The Gaines Graduate Scholars Teaching Exchange Program is a two-semester program. In the first semester, advanced doctoral students both at PVAMU and TAMU engage in a semester-long professional development series aimed at creating community and supporting diverse learners at the partner institution. In the second semester, the scholars are paid to teach an undergraduate course in their field of expertise at the partner institution. These programs are intended to ensure that DEI is embedded in the infrastructure of both universities and to create a natural pipeline from PVAMU to TAMU in our efforts to diversify the graduate and professional student population.
Where is there additional opportunity for increasing Black enrollment?
It’s not just about increasing enrollment. The more important goal is to establish better connections to Black communities. That will help us develop sustainable support models to meet the needs of our Black students. This must be our approach with any communities where faith in higher education is low.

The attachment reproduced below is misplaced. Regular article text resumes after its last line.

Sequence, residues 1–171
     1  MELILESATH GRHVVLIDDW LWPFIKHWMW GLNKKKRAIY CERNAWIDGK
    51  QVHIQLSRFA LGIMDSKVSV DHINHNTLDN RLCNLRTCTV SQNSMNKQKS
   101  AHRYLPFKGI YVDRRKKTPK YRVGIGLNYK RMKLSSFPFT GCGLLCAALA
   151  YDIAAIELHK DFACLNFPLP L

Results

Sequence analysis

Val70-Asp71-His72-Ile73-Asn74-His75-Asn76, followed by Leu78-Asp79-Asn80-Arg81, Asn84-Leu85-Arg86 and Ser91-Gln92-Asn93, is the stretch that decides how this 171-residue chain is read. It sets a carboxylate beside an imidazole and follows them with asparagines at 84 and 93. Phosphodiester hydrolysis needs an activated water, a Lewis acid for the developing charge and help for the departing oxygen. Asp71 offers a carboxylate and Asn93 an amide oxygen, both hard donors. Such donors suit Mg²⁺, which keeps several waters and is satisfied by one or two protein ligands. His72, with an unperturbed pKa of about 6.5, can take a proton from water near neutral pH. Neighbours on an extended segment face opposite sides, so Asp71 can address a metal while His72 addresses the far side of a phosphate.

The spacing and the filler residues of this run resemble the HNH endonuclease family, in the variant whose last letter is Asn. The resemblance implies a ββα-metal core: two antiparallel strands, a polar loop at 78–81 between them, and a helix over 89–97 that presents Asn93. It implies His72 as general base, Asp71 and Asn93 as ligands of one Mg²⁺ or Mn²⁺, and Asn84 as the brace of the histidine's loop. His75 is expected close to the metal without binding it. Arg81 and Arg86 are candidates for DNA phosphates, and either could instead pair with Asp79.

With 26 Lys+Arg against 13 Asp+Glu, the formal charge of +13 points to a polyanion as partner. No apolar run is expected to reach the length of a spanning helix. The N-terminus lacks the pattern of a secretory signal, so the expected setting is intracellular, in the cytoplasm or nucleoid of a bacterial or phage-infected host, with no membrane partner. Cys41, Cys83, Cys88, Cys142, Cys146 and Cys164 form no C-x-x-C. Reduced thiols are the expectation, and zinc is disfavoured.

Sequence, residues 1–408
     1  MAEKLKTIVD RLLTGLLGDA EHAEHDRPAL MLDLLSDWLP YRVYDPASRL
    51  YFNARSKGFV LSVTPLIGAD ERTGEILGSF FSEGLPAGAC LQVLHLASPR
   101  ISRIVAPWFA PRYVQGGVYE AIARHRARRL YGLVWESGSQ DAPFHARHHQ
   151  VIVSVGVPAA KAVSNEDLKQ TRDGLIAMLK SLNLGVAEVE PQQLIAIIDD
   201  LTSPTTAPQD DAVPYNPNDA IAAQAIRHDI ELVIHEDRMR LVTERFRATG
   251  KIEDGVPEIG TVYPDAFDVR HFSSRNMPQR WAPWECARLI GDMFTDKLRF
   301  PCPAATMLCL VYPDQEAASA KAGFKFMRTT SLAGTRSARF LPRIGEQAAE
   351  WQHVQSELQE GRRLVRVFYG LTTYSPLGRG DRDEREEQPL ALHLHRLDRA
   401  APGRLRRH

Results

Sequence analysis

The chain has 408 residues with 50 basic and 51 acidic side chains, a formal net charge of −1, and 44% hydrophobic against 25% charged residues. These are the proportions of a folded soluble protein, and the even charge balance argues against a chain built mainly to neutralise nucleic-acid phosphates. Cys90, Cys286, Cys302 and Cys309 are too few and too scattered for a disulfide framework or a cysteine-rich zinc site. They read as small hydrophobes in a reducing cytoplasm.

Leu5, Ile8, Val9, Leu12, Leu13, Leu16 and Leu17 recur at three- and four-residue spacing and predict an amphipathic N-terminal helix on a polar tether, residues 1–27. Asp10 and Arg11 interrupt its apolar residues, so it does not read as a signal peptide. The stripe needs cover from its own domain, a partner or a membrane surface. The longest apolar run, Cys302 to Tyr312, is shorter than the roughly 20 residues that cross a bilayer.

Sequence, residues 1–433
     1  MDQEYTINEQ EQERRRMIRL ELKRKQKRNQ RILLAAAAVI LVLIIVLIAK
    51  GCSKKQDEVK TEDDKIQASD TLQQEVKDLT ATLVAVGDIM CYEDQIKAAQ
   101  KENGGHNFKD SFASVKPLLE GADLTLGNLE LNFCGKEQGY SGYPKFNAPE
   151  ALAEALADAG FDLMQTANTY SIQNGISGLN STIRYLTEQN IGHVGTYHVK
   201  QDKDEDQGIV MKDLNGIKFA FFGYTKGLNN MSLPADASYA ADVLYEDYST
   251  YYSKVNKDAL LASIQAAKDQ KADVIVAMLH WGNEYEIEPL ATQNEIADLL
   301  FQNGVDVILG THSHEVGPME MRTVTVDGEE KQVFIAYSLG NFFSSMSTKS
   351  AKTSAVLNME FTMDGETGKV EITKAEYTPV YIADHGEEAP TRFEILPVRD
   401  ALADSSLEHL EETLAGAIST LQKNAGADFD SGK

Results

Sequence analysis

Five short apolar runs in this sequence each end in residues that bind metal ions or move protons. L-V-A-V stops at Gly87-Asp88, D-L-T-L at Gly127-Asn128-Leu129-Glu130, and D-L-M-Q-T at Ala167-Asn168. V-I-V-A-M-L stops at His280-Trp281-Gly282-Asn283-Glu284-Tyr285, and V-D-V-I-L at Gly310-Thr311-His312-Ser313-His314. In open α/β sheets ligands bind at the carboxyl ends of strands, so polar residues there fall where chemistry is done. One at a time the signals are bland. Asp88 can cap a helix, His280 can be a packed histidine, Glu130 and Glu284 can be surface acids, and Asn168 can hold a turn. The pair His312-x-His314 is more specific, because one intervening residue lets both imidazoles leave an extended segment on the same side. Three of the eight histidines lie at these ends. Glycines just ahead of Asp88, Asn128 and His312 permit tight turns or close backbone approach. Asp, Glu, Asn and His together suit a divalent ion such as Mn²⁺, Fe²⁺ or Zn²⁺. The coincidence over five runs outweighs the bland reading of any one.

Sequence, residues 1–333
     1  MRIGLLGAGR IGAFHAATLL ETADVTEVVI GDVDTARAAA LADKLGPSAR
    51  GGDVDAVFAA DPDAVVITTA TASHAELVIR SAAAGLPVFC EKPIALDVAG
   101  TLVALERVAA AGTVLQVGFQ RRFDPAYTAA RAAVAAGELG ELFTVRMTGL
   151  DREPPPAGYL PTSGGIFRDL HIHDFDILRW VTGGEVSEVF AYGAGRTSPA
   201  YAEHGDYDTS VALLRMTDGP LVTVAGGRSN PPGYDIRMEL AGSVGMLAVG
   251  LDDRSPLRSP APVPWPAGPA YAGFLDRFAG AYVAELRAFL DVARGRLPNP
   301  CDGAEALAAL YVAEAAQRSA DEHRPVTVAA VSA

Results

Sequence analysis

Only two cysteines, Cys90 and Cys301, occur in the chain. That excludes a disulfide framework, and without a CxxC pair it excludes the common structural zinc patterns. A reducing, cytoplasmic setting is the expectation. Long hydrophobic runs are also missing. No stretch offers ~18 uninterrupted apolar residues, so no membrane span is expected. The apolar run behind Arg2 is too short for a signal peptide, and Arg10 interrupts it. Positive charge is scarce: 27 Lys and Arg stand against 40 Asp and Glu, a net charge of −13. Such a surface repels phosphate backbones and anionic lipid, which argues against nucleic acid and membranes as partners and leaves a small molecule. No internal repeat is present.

Genuine engagement will enable us to build trust. Then we can start to share with them how the research and teaching that takes place on our campus benefits the world, as well as how educational opportunities can help transform their communities.
Our enrollment will become more diverse when connections are established and nourished. Students enroll where they and their parents know they are going to be supported and invested in.
How about campus climate? What are some of the ways the Graduate and Professional School is trying to make our campus more welcoming to underrepresented student populations, in particular Black/African American students?